Creators say magazine's tone “will be like chatting to your fellow cyclists while you’re out on a ride.”...

This Friday 1 March sees the launch at London cycling café Look Mum No Hands of a new magazine, Simpson, focused on British cycling and which its creators say “will be like chatting to your fellow cyclists while you’re out on a ride.”

The first issue, costing £6, will go on sale from Monday 4 March initially only through the Simpson website, and includes a fan’s perspective of being in Paris for the last day of the 2012 Tour de France – an historic day for the country’s cycling as Bradley Wiggins became the first British winner of the Tour, with Mark Cavendish also taking the stage win while wearing the rainbow jersey.

It is, of course, the only other British male pro to have won that coveted garment on the road, Tom Simpson, who gives the magazine its title. “It was Simpson’s spirit and style, his legendary tenacity and his ability to suffer that endeared him to cycling fans everywhere as much as the trophies he won,” say the magazine’s creators.

“If this magazine comes to be regarded with anything like the fondness and respect still reserved for Tom Simpson more than 35 years after his death on Mont Ventoux, it will have achieved its aim,” they add.

Simpson promises to stand out from other cycling magazines, saying that it “won’t be a glorified product catalogue for unaffordable carbon dream machines.

“Here at Simpson, we’d rather be out cycling than drooling over bikes we will never ride - we hope to inspire you to feel the same way.

“If we recommend a product, it will be because 
we use it and love it, not because someone you don’t know wants us to market it to you. Simpson will be flannel-free; it will tell it like it is.”

The fact the magazine is entering a crowded marketplace and also at a time when online is competing with print isn’t lost on Simpson’s founder and creative director, Terry Hawes.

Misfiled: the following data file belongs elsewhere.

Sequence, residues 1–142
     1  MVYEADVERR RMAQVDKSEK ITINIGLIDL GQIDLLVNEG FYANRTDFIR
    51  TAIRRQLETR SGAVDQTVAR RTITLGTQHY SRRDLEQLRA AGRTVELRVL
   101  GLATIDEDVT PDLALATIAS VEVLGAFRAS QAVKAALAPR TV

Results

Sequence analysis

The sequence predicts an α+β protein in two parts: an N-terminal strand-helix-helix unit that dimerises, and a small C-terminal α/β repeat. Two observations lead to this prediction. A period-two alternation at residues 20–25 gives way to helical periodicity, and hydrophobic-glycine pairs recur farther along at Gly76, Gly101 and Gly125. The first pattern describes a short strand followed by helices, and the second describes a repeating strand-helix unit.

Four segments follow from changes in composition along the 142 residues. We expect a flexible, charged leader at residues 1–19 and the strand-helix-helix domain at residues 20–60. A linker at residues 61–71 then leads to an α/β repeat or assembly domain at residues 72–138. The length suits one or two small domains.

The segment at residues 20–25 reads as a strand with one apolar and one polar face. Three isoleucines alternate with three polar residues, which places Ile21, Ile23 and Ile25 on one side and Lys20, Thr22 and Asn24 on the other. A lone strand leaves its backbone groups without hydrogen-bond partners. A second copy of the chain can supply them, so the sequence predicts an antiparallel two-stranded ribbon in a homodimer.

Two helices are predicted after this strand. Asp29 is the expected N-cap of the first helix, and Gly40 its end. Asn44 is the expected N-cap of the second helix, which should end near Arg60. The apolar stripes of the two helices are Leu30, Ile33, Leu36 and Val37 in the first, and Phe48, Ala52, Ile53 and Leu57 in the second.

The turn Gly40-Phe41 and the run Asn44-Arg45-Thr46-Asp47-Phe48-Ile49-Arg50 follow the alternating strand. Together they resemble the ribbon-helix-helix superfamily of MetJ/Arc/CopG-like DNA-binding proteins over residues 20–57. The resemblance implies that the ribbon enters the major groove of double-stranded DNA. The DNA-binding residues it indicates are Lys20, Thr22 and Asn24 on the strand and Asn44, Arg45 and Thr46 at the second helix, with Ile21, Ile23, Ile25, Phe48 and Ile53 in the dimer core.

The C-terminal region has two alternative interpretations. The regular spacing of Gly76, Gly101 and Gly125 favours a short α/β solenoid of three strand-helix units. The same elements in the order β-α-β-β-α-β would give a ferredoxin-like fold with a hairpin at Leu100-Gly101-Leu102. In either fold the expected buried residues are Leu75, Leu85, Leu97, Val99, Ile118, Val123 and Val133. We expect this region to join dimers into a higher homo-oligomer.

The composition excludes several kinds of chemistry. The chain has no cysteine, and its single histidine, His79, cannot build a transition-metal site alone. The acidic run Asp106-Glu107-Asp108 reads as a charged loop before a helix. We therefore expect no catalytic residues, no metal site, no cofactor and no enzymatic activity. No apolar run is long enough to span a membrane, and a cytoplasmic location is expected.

“Some people might feel this is an odd time to launch a print magazine when so many are struggling to survive,” he acknowledges.

“All I can say is that sometimes you have no choice about these things. I felt an irresistible urge to create the sort of cycling magazine I knew I’d read so I just went with that instinct. This magazine needed to exist. Sometimes it’s just best to go with your heart.”

You can keep up to date with news of the magazine through its website, which includes a rundown of the contents of Issue 1, its Facebook page, and a Twitter feed.

Born in Scotland, Simon moved to London aged seven and now lives in the Oxfordshire Cotswolds with his miniature schnauzer, Elodie. He fell in love with cycling one Saturday morning in 1994 while living in Italy when Milan-San Remo went past his front door. A daily cycle commuter in London back before riding to work started to boom, he's been news editor at road.cc since 2009. Handily for work, he speaks French and Italian. He doesn't get to ride his Colnago as often as he'd like, and freely admits he's much more adept at cooking than fettling with bikes.